5

I have a question about a problem encountered on my car (Audi A3 2004, 2.0TDI automatic sportback).

I noticed my GSG-DSG 0623 gearbox behaving very oddly, like it does not know when to change gears, especially from 3rd gear on.

Putting the tester on it, I've read two codes, P0606 and P0716. P0606 it says that my PCM unit is defective, and the P0716 says that the Input Speed Sensor (G182) is faulty, with the message: Implausible signal.

Now, I'm almost sure the both the PCM and the sensor are working just fine, so I suspect that the gearbox is the main cause (maybe the clutches are slipping), so it sends an out-of-range value to the sensor, which in turn sends an out-of-range value to the PCM, thus causing the error codes.

Does this makes sense to you? How can I test the sensor to make sure it's working correctly? I don't want to just change the components, when the real cause might be somewhere else.

Thank you very much!

  • How many wires on the input speed sensor? is it analog or digital? You'd need a scope to check signal integrity either way. Speed sensors use a trigger wheel to generate a signal so it's unlikely a slipping clutch would set a circuit code. You're going to need wiring diagrams for your car and do some testing. – Ben Feb 26 '17 at 20:54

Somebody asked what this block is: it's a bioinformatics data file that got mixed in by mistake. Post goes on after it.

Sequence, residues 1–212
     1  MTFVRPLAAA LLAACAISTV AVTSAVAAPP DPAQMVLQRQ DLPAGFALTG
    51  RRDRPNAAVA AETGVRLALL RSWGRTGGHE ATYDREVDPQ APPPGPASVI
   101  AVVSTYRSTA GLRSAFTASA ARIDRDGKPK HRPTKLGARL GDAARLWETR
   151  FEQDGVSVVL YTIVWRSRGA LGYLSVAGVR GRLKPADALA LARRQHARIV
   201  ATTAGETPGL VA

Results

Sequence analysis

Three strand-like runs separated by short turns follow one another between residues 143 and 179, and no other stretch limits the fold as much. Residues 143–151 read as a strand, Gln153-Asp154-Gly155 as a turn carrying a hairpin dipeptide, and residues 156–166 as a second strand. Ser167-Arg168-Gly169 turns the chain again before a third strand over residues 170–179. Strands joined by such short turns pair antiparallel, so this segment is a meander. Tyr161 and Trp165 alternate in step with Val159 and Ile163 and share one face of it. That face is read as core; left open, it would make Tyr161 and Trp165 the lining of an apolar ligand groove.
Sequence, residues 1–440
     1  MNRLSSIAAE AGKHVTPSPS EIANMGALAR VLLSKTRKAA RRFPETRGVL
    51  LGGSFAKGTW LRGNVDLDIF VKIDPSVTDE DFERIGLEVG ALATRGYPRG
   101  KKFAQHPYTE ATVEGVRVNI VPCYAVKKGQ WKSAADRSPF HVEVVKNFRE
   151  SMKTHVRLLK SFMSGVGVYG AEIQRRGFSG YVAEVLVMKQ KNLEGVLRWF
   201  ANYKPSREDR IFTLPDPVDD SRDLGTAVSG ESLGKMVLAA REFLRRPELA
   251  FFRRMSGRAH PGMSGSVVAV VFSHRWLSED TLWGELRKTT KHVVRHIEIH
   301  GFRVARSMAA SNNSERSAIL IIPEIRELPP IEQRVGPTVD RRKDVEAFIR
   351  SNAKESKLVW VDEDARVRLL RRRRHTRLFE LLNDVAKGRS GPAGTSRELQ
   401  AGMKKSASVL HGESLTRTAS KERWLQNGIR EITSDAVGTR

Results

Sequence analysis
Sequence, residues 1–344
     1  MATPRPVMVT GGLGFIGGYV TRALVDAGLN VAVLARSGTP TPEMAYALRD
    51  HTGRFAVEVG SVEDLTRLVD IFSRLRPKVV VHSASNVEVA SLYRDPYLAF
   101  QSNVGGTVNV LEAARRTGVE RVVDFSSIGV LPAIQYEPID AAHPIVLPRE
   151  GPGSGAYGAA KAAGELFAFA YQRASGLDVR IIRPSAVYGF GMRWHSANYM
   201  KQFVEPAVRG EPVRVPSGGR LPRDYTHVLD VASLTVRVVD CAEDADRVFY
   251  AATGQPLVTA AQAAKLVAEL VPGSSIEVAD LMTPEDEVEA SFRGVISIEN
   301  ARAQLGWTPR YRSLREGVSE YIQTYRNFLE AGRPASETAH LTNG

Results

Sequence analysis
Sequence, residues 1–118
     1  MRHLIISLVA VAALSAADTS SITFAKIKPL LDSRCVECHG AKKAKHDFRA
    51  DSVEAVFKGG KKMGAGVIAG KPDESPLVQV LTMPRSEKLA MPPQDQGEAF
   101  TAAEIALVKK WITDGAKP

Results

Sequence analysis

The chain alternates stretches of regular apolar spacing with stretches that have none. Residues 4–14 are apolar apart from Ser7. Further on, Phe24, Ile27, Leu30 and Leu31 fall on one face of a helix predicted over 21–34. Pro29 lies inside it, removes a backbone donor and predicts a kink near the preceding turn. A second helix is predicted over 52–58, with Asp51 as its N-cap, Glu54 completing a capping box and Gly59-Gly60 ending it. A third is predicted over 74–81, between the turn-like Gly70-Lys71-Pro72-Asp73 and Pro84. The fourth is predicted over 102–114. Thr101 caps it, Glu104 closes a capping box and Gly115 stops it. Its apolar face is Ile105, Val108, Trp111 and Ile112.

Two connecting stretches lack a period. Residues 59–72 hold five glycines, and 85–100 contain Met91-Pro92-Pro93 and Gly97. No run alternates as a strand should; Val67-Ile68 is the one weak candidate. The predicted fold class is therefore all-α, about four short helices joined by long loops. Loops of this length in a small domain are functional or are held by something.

• Just an anecdote in reference to the input shaft speed sensor: I had a similar issue on a 99 Jeep WJ (P0716, transmission shifts roughly / won't shift past 2nd), and the sensor was most definitely faulty. I'd suspect it before something in the transmission. – Skies of Solace Feb 27 '17 at 15:44
1

On some cars, the input speed sensor to the transmission and the output speed sensor work in tandom. The computer can tell which gear the transmission is actually in and even adjust the harshness of the shift. If one sensor has actually failed, typically the car should go into a limp home mode.

Are you sure these are current error codes or simply stored old ones?

If you decide to change the sensor, change them in pairs (input and output) - if one goes, the other one is likely to follow (in my case literally 1 month later)

As for the PCM code - that code simply means that some part of the PCM failed a self check. Could be a bad bit in a memory chip etc. Could also be a weird startup sequence. Pulling battery/replacing battery etc. If the code is not current, don't worry about it. If it is current, replace the PCM. There are plenty of places that will get you a refurbished one at reasonable prices.

I don't think the PCM code is related. I think the sensor code is.

Your Answer

By clicking “Post Your Answer”, you agree to our terms of service, privacy policy and cookie policy

Not the answer you're looking for? Browse other questions tagged or ask your own question.